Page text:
The "Beat Zen" leaders of early American Chan significantly failed to recognize that their "post-modern Zen" was based on erroneous views of a system of practice that, in reality, vigorously eschewed the intellectual, social and moral libertinism that characterized much of the post-modern perspective of society. When we bring to our practice some of the indulgent attitudes of this temperament, we are destined to misunderstand our practice, and more than likely to self-righteously dismiss it altogether.
Not only are we a society significantly influenced by post-modernist thought, we are also undeniably influenced by consumerist values. All of us are subject to the codes and assumptions of capitalist and market values. We are well aware of the fact that our economy, both personal and national, is based largely on the premise of personal greed, craving, and material gain. There seems to be no part of the world around us that's not shaped by consumerist assumptions and expressions: billboards, fashion, food, advertising ... it's a long list. Indeed, most consider it completely normal to choose our occupation -- and measure our success -- solely, or at least predominantly, on the basis of earning power and the capacity to buy and consume.
But the consumerist ethic is the diametric opposite of the Buddha's path. Where the First Noble Truth teaches the all-pervading reality of suffering, and the Second Noble Truth teaches that craving and greed are paramount in the arising of this suffering, our consumerist society incessantly shouts at us that if only we own this, if only we buy that, will we find release from suffering. This ethic was the essence of Mara's temptations to Gotama as he sat beneath the bodhi tree; it was only as Gotama saw the lies in these offerings that he could attain enlightenment.
The consumerist ethic also intrudes on our Western practice in more invidious ways. It undermines our entire commitment to detachment with promises of samsaric "gains". Certainly, we don't need to give away everything we own and wander from house to house in our robe with begging bowl in hand. But our society and its values does make it difficult to find time for meditation when we have to work for money so we can make our mortgage payment, fill the car with gas, buy food for the family and help the kids with their college tuition.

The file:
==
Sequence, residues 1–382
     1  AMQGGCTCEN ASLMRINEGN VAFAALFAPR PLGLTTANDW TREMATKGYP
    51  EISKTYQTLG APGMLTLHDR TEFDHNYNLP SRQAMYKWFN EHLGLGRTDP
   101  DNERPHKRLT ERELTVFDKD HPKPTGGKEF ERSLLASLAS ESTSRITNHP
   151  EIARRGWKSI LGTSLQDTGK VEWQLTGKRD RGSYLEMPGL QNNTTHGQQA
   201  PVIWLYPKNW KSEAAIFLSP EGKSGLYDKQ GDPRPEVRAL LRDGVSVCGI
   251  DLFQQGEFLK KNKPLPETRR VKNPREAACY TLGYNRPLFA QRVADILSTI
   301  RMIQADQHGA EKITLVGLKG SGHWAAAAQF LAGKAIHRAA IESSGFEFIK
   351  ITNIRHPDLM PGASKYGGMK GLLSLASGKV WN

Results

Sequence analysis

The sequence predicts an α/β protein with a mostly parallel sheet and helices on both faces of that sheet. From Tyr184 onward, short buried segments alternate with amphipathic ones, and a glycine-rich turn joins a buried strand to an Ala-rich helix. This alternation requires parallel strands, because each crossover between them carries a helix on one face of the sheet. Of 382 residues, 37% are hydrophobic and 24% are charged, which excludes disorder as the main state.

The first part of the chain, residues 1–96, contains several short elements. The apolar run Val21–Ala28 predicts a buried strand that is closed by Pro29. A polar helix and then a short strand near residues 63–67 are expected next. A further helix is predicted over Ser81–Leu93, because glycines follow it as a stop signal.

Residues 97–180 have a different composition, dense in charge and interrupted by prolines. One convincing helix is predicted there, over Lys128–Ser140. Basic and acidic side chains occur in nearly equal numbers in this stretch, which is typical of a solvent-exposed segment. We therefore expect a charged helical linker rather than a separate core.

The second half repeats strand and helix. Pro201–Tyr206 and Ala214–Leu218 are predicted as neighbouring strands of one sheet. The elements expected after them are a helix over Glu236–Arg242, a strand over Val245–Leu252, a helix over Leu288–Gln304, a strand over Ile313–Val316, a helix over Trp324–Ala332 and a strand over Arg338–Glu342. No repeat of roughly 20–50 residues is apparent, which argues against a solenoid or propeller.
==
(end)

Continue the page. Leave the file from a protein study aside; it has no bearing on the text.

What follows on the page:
Do our unquestioned consumerist values lead us to dismiss the demands required of a consistent and solid Buddhist practice? Specifically, for instance, those related to maintaining a strong sense of detachment from material goods? Do our measurement of Buddhism and its "relevance" to a modern Western practice simply arise from a characteristically Western inability to separate luxury from necessity?
Our consumerist world also encourages us to subscribe to a belief in the economic superiority of the market system where all progress is based on trade and barter, supply and demand, and the rules that apply to such "reciprocal relationships." Inevitably, we find that such a philosophy seeps into our personal and even spiritual lives. We barter and we bargain, not only in our financial dealings, but in our personal relationships. We give, but only as long as we get. We face hardship and pain and we pray to our gods like supplicants who can make trade with the Divine, promising improved behaviour if we're given relief. We are encouraged in all areas of our life to enter into reciprocal relationships, where the same principles that run our economy run all areas of our lives. Like marionettes, we pray that our operator pulls the right strings - for we have abandoned our will to societies' binding forces.